State of Black Philanthropy: A Call to Invest More in Black-led Social Change

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Amid today’s public discourse on racial equity and justice and related mass action, philanthropic organizations that proclaim commitment to the Black community are being called upon to put their support where their mouths are. The Black Social Change Funders Network, a project of the Association of Black Foundation Executives, and the Hill- Snowdon Foundation are challenging the country’s large foundations, social change grant makers and Black charitable organizations to bump up the level of their resources to Black-led, social change groups by at least 25 percent over the next five years. The challenge was high on the agenda of ABFE’s annual conference in Memphis, Tennessee, in April. Held under the theme “The Fierce Urgency of Now,” the conference provided “a vigorous agenda” for increasing public and private investments in Black communities and bringing attention to investment strategies “that build and protect Black institutional, political and economic power.”

Arguing their case in a February 2017 statement, “The Case for Funding Black-led Social Change,” the authors, ABFE president and CEO Susan Taylor Batten and Hill-Snowdon executive director Nat Chioke Williams, address three key questions: Why focus on anti-Black racism? Why is it necessary to invest in Black-led social change? What should philanthropy do? “It is important to focus on anti-Black racism because it is the root cause of the racial inequity we see today. We cannot achieve true racial and social equity for all people without dismantling white supremacy and anti-Black racism,” the statement says.

The statement cites a “long pattern of philanthropic neglect and under-investment in the infrastructure of Black institutions,” noting that less than 2 percent of funding by the nation’s largest foundations is specifically targeted to the Black community. “Foundations, donors and other stakeholders who say they are committed to Black communities have a responsibility to step up their support to Black-led organizations,” it says. While it acknowledges that the Black Lives Matter environment has seen an “encouraging uptick” in interest in racial equity and new support for Black-led organizations, it worries that this uptick may be merely “episodic,” instead of translating into “long-term and significant support for Black-led social change organizations in order to make Black communities thrive.”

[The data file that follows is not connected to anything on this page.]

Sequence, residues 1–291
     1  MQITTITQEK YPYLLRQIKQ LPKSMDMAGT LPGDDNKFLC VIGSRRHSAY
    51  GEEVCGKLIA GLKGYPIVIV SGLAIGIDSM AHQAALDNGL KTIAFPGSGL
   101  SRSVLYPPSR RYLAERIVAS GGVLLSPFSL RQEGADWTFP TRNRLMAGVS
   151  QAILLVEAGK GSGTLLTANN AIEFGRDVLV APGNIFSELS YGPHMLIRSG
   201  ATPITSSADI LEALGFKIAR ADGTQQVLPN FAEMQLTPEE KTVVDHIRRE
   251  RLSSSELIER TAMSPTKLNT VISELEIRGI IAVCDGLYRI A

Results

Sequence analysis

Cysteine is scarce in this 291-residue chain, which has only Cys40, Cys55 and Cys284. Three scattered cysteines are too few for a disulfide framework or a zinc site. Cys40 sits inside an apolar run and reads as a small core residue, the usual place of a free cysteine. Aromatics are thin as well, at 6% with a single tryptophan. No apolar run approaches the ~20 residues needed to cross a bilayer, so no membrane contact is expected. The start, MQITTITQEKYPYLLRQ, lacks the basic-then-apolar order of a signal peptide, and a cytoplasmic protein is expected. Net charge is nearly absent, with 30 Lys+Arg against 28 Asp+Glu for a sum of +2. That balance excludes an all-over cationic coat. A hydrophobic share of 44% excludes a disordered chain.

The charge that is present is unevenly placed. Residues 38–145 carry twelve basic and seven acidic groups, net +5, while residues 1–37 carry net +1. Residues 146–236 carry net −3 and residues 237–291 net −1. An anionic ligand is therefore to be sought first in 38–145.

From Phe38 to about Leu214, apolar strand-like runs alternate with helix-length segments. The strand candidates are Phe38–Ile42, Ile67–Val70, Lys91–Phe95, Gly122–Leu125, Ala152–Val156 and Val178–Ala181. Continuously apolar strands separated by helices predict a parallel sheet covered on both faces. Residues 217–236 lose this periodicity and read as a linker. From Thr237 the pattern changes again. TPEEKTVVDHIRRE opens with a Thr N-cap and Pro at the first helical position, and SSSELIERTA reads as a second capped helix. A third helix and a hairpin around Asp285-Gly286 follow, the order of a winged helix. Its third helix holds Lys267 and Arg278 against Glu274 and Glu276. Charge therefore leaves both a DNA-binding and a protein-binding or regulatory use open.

The authors propose sustained, long term investments to build infrastructure in seven key areas within these organizations: civic engagement and political power; community organizing and People Power; policy advocacy and system reform; economic development and economic power; research and intellectual power; communications/narrative and social power; and leadership development and strategic convenings. They contend that “a dynamic and lasting infrastructure for Black social, institutional and political power is essential for dismantling structural racism and charting a course for an equitable, just and sustainable nation. Black-led institutions, aligned with multiracial movements, can be empowered to win our most ambitious goals for national progressive change.”

In Figures

As of 2015, only 3 percent of philanthropic institutions were led by Black CEOs;

Of the 100 foundations with the largest asset sizes the same year, 9 percent of CEOs are Black;

Of the ten largest foundations by asset size, three CEOs are Black;

Of approximately 8,500 full-time foundation staff from about 1,000 foundations,

10 percent of staff are Black;

In 2014, the percentage of Black individuals holding trustee positions at philanthropic

foundations remained stagnant at 7 percent;

Foundation funding explicitly benefiting Black men and boys totaled $45.6 million in 2013 and $61.4 million in 2014, down from 2012 when funding topped $64 million.

Grant support for the broader category of boys and men of color grew to $50.9 million in 2013 and $62.7 million in 2014. Funding for this broader population category increased more than sixfold between 2010 and 2014.

Recipient organizations located in the South received the largest share (45 percent)

of foundation dollars explicitly intended to benefit Black males. These grants supported local, regional and national projects.

The percentage of Black professional foundation staff declined from 10 percent

in 2010 to 9 percent in 2012;

The percentage of Black program officers working within grant making institutions

declined to 16 percent in 2012 from 17 percent in 2010.

Foundation funding targeted specifically at Black communities declined during the late 1990s through 2006.

Education continued to be the top priority of grants explicitly designated to support Black males in 2013 and 2014, followed by human services and public safety.

Sources: ABFE; Campaign for Black Male Achievement

(CBMA); The Center For Effective Philanthropy; Foundation

Center. (Their most current data available)

(Article written by Salome Kilkenny)